Bernadette’s Room

It’s been so long since I wrote a blog entry that I actually feel a little gun shy!  And yet there hasn’t been a shortage of things to write about, just not the time or mental energy to do it.

In late January, I asked Marc what he thought of the idea of trying to sell the Sorrento house instead of putting the Salmon Arm house on the market again in the spring – or even putting both houses on the market and seeing which one would sell first.  He was so excited at the idea that I started to question why we didn’t do it a long time ago.  Later, in the quiet of my office, the answer suddenly hit me:  It was never an option, we couldn’t leave where Bernadette died!  What in heaven’s name was I thinking suggesting listing the house and why didn’t I think about it before mentioning the bright idea to Marc?  ‘Why, oh why, oh why?’  But then the more I thought about it, maybe the fact that neither of us thought of it while we were planning it out was a sign that we were both ready to let go?  Maybe Marc was ready the year before and I wasn’t?  I don’t remember.  But as I sat there and let the implications of selling the Sorrento house sink in, I knew I could do it whereas before it just wasn’t an option.

One consoling fact was that Sorrento was where she died, but her body is at rest in Salmon Arm.  We’re made of body and spirit and after death we look forward to the day when our bodies and souls are reunited. So really, an eternal part of Bernadette is still with us at the Mt. Ida Cemetery.  That was worth more to me than just the memory of the moment she died – though that moment will forever be etched into my memory.  I remember standing in Mass saying that line in the creed “We believe in the Resurrection of the dead”  and telling God that He may have her soul but we still have her body.  My outburst of two-year-old defiance.  Of course He has her better half but her physical half will one day live again, so it was better to stay closer to that part of her than to a memory.

Second consoling fact was that we were going back to a house that was also filled with memories of Bernadette, though I admit, more distant ones.  We moved there when she was just four months old and moved back to Sorrento when she was three and a half.  Still, it may sound silly, but it eased my heart to know that we were going somewhere that Bernadette once called home.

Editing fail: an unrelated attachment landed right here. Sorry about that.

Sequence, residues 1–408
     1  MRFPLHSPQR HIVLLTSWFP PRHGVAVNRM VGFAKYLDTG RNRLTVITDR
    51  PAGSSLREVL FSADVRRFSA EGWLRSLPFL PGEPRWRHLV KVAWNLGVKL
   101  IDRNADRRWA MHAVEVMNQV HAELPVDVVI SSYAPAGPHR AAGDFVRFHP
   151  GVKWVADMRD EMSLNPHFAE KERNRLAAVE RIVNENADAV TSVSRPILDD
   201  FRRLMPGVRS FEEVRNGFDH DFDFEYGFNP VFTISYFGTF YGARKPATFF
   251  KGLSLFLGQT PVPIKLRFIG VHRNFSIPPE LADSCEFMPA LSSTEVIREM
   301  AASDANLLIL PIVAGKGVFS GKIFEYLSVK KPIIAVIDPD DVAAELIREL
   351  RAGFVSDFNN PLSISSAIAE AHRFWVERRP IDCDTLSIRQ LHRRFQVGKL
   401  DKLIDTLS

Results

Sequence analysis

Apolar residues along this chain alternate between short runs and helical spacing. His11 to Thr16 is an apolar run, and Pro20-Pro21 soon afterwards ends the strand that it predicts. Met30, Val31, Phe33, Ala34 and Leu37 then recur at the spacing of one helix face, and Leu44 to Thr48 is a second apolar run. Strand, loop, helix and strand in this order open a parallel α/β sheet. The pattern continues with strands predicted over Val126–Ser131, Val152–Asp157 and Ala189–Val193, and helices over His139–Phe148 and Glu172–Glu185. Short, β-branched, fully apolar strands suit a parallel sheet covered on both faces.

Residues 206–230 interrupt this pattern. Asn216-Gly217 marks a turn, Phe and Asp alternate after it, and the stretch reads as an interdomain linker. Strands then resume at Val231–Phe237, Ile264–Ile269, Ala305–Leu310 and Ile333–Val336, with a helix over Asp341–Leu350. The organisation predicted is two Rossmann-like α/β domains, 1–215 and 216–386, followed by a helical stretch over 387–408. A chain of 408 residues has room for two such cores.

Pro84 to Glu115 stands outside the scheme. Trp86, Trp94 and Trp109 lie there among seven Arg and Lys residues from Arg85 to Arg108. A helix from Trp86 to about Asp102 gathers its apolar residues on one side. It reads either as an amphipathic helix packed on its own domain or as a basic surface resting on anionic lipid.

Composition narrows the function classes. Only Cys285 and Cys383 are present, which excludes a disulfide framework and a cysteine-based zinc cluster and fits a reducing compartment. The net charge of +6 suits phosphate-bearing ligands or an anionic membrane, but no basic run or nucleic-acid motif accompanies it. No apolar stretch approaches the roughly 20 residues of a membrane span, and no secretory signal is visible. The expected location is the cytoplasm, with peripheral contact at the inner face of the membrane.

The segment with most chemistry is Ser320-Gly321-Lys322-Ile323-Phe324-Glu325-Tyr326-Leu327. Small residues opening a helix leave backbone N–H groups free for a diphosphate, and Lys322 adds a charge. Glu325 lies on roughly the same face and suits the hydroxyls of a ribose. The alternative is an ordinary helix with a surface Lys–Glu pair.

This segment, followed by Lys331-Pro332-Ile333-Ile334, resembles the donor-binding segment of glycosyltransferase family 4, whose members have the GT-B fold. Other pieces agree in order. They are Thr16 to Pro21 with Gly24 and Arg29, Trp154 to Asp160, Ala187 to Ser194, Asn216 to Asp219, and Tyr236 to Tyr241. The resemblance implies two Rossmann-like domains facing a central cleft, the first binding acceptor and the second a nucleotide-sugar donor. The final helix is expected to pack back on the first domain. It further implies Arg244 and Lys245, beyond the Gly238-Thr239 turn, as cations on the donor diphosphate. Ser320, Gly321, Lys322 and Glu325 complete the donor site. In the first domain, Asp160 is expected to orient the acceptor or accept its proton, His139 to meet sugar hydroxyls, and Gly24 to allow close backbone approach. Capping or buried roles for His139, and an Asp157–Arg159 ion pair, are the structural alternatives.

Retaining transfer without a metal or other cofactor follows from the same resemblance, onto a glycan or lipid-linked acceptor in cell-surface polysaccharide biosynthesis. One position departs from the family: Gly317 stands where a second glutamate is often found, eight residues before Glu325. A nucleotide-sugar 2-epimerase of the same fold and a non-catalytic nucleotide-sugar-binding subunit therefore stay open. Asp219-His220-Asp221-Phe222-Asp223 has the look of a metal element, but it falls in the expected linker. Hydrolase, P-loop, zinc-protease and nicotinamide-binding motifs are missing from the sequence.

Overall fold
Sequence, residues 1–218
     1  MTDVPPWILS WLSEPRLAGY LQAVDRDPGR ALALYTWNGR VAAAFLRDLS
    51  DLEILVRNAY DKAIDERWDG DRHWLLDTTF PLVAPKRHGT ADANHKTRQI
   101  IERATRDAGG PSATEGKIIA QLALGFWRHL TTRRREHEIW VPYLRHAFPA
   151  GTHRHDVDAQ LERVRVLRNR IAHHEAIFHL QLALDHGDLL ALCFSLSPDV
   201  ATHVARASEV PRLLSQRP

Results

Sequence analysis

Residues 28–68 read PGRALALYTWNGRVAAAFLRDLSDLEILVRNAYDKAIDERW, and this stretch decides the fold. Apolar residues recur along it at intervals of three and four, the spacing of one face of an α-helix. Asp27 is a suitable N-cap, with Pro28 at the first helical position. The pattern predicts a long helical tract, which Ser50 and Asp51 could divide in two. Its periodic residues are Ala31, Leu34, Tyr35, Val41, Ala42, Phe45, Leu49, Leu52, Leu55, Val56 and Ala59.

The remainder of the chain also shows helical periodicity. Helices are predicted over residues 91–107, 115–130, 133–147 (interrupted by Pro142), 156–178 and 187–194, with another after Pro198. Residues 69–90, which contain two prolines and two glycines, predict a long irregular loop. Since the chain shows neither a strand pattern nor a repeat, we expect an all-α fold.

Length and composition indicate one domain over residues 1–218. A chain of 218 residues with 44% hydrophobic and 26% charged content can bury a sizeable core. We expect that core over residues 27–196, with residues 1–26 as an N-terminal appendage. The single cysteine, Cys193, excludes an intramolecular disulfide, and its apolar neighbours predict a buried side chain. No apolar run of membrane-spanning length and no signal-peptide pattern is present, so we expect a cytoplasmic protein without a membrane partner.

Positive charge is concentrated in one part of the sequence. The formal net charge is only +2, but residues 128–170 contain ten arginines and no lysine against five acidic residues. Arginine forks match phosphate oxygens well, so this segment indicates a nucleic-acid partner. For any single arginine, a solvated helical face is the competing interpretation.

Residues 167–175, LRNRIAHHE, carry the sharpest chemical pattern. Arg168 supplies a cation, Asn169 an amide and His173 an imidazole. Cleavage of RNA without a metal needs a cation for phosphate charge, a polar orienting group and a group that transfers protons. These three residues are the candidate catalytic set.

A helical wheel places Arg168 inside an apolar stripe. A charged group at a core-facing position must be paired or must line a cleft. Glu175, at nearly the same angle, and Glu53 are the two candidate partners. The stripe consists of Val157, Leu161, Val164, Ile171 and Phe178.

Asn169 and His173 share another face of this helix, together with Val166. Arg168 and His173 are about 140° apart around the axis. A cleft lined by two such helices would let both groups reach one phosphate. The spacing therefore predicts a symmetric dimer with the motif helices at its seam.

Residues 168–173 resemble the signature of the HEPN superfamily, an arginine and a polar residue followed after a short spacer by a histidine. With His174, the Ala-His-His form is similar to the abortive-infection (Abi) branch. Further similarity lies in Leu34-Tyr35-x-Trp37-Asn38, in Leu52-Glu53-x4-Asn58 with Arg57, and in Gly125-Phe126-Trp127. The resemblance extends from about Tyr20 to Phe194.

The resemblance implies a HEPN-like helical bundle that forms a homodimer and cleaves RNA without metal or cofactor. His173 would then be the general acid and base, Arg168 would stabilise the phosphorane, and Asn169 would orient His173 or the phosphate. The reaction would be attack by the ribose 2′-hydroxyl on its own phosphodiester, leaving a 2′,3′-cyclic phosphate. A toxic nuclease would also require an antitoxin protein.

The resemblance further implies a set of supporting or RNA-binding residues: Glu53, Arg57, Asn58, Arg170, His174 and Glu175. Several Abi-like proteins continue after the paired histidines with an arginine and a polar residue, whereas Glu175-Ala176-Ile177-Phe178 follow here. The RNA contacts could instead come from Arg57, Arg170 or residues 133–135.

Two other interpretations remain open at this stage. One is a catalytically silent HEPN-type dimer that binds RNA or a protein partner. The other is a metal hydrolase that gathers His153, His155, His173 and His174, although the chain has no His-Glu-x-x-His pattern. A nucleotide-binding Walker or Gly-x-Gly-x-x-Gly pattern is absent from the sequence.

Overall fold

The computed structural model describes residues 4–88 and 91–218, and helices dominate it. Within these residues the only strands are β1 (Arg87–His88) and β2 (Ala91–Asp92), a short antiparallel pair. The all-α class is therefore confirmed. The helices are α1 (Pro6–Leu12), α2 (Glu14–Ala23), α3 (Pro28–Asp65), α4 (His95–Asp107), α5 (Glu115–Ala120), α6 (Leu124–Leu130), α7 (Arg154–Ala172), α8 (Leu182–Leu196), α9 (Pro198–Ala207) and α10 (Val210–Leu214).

For the next five months we were very busy with preparing to list the house, with showings and keeping the house in ‘show condition’, with the stress and drama of offers and house inspections, financing, etc.  Once we knew all the conditions had been removed on the latest offer and the house was sold, we had to turn our attention to packing, cleaning, planning, moving, renovating, more cleaning, unpacking, and lots of organizing.  Not to mention trying to explain over and over to Zoe what was happening and assuring her that we were not going to leave any of her toys behind, or her bed, or her clothes.

But in all the activity that went on, never a day went by that we weren’t painfully aware of what we were losing and the need to kept reminding ourselves of what we were gaining.

One of the biggest challenges we had was what to do with all Bernadette’s Wish Foundation Barbie toys.  In the Sorrento house, we were able to hide them all in the cubby under the stairs that had a locked door.  Zoe knew they were there, having caught a glimpse of them a few times, but she also knew she wasn’t allowed to play with them.   The closer we got to emptying the house, the more concerned she got that all that stuff was still there under the stairs.  She was even more worried about us leaving the toys behind than if we forgot anything of hers!  So where were we going to put it all in a smaller house with zero storage space for the likes of a Barbie three story Dream House, plaza, pet parlor, camper, etc.?

Thankfully we had a shed out back that had a gungy, dirty, creaky, nature infested attic storage area upstairs.  Marc was able to clear and clean it out, reinforce the floor, build safer stairs and a railing, put in new windows and wire mesh to keep nature out, paint, carpet, etc. and turn it into what we eventually named, “Bernadette’s Room”.   There is a memorial picture of Bernadette up as you come up the stairs to remind the girls to whom they can be thankful for all the brand new toys they have to play with.  Well not all, Catherine added a few favorites that she and Bernadette use to play with together.

Zoe is in 7th heaven in that she can finally play with all those mysterious pink toys that were hidden away behind a locked door!  She knows they use to belong to Bernadette and that she can’t just go up there to play without Catherine – because she still has a strong tendency to chew toys.  She’s just so happy that we’re finally allowing her to play with them at all.

Bernadette’s Room is not a room open to the neighbourhood kids, of which there are a handful of little girls.  It’s only known to our family and for now it’s how we’d like to keep it.  Eventually when we’re ready, like when we were eventually ready to let go of the house Bernadette died in, we’ll be ready to let go of the iron grip we (I) have on those plastic toys she never even got to play with, and welcome other little girls to enjoy them too.   In the famous words of Aragorn at the gates of Mordor on the eve of what appeared to be certain defeat in battle, “but not THIS day!”

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